Chris was the first of several extraordinary people we met on the tour who were actively involved in the Lord of The Rings. Listening to him talk about working with Bernard Hill and Viggo Mortensen, facing the challenges of filming the chase scene, working at Helm’s Deep, and preparing horses for life on set, and being able to see up close horses that were ridden in the films, brought each of us closer to the creation process. Driving around on our own, we never would have met Chris and heard his stories.

Lindale Center

Heading down toward Wellington, we stopped at the Lindale Center in Paraparaumu, a wonderful combination of food shops and galleries, and also the chance to see New Zealand farm animals. After visiting Cavallo Farm, our fellowship was ready for something to tide us over until dinner, so among us all we sampled the local Kapiti cheese, ice cream, honey products, olives, candy, and wine bar. (More about Lindale at http://www.kapiti.org.nz/unique.html#lindale)

It is really true that there are elves everywhere in New Zealand! Our bus driver Wayne met Mike working in the coffee bar at Lindale Center. Mike played an elf in Haldir’s contingent at Helm’s Deep, telling us he was the third elf from the second flag….He also played an Uruk-Hai, wearing full armor for that part. Mike’s uncle had applied to be an extra but was too short (guess all the hobbit extras had been cast by then) so Mike and his cousin applied. He was called back for The Return of the King but couldn’t work because he was away on vacation.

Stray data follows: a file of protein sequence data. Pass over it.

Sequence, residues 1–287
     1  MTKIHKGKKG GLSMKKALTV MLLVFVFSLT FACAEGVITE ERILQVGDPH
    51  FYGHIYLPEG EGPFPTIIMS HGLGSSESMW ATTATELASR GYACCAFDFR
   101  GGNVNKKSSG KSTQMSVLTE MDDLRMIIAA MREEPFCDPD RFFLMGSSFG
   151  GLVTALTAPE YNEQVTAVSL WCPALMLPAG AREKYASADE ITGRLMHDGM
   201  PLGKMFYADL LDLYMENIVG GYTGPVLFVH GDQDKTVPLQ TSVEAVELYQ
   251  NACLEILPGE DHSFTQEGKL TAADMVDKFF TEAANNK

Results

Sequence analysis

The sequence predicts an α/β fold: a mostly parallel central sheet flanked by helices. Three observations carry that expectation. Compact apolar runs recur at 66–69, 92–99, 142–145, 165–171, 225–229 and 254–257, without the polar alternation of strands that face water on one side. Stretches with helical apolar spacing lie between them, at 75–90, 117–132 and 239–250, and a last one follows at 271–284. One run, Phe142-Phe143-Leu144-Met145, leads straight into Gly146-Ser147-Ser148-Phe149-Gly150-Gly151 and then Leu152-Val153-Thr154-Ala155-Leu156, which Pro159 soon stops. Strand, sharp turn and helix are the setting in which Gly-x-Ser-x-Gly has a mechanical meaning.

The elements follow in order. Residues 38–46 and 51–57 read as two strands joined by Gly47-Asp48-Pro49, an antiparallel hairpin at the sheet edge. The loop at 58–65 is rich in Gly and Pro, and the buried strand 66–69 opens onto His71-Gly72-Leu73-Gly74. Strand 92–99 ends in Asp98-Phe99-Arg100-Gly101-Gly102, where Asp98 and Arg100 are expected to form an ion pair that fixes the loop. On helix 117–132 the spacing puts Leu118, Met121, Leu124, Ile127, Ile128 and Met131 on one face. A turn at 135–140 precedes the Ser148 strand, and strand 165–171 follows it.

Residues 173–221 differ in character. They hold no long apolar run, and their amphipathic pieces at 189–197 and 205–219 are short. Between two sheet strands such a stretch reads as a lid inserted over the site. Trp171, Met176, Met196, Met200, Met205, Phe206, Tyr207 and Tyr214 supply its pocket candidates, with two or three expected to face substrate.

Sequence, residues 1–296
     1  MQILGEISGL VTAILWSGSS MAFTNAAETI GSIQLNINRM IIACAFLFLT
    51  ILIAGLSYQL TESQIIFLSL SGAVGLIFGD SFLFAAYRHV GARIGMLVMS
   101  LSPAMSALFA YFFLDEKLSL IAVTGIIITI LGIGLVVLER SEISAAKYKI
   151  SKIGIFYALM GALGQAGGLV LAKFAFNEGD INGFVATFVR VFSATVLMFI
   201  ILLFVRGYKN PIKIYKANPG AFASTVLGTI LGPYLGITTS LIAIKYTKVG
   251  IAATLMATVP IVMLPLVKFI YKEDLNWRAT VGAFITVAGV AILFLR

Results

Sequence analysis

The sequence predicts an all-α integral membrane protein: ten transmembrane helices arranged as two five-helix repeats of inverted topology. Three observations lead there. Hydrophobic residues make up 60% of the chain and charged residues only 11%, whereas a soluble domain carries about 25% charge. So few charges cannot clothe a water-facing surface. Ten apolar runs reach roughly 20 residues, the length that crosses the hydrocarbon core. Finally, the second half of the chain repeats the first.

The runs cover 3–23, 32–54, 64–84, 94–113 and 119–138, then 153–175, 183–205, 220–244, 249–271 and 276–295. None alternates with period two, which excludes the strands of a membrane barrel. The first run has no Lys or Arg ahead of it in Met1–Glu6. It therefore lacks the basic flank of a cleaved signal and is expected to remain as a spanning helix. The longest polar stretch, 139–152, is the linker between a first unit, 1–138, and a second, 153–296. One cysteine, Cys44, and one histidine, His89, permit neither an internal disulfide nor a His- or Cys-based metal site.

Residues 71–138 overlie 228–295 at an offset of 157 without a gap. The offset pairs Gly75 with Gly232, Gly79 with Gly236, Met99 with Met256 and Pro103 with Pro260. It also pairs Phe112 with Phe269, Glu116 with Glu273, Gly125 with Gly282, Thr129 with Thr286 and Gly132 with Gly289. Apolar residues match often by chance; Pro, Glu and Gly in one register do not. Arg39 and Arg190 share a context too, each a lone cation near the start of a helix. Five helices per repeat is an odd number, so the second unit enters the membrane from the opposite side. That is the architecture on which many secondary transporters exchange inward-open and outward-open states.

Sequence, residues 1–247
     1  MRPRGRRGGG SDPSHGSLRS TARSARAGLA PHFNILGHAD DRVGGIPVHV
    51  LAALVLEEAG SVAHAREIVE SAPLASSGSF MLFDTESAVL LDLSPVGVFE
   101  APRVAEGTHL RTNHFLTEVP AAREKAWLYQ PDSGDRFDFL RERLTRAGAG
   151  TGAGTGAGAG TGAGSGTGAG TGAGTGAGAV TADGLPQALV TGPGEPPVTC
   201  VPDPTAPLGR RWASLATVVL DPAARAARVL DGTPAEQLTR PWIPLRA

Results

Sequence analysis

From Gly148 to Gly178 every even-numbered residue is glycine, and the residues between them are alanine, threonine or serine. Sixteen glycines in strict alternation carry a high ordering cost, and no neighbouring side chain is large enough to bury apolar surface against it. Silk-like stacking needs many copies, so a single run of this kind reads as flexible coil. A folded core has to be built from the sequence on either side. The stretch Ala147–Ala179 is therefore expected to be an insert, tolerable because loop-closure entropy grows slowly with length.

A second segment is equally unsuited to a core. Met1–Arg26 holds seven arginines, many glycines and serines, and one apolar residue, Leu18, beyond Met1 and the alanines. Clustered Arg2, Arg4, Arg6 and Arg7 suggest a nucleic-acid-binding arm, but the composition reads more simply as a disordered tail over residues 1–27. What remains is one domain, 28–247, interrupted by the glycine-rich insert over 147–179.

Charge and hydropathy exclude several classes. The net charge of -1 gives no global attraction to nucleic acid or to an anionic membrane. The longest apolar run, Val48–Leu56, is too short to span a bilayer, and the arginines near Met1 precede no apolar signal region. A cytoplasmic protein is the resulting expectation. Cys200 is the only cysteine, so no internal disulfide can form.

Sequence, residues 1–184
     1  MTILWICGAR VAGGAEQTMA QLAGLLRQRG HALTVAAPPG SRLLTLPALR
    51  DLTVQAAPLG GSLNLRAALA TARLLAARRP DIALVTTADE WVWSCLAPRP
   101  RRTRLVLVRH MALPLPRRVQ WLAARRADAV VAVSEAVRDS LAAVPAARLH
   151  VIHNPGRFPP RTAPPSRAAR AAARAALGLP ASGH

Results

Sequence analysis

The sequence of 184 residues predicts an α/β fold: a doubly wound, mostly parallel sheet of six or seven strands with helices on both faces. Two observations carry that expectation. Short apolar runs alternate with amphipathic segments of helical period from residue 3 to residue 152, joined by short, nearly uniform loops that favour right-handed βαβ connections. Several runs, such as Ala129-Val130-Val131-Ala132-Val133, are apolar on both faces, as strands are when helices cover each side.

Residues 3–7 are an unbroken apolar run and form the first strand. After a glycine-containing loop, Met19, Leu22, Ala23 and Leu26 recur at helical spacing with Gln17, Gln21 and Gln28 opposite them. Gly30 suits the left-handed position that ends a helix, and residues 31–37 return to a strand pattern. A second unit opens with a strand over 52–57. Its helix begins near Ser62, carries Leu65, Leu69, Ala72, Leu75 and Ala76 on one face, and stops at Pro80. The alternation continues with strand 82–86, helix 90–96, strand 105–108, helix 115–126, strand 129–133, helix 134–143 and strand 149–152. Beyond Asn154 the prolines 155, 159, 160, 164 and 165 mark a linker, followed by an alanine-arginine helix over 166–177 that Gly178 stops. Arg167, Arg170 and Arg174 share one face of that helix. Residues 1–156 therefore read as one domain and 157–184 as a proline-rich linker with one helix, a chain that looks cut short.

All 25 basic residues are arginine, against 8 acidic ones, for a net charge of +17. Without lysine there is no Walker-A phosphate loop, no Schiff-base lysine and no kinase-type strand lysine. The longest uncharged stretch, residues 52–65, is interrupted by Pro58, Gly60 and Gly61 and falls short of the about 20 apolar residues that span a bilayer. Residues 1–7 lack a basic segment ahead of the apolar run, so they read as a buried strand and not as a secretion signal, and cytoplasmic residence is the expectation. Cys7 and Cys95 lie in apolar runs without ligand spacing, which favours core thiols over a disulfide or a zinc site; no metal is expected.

Leaving Lindale, we drove thorough Paekakariki, where the scene with the dead Mumakil was filmed, and Pukerua Bay, where Peter Jackson grew up, and headed into Wellington.

Dinner at the Green Parrot

Our dinner was at the Green Parrot Café, just a few blocks from the Embassy Theatre. The Green Parrot was a favorite of Viggo Mortensen, but many of the cast and crew ate here regularly. Can you find Viggo, Peter Jackson, Elijah Wood and Sean Astin in the large mural that decorates one wall? There is also a collection of photos featuring Viggo and Elijah.

On the next corner is Molly Malone’s pub, a favorite of Sean Bean. This pub had Legolas’ arrow hanging on it as part of the premiere celebrations. Driving through Wellington nightlife, we also passed Roger’s Tatoo Art at 198 Cuba Street, where the Fellowship cast members (and members of earlier Red Carpet tours) got their Elvish tattoos. Feedback or questions? Email me!

Tomorrow: Daniel Reeve (calligrapher and mapmaker), production facilities in Miramar, The Shire, The Chocolate Fish Café, and the Embassy Theatre.

Posted in Old Special Reports on July 11, 2005 by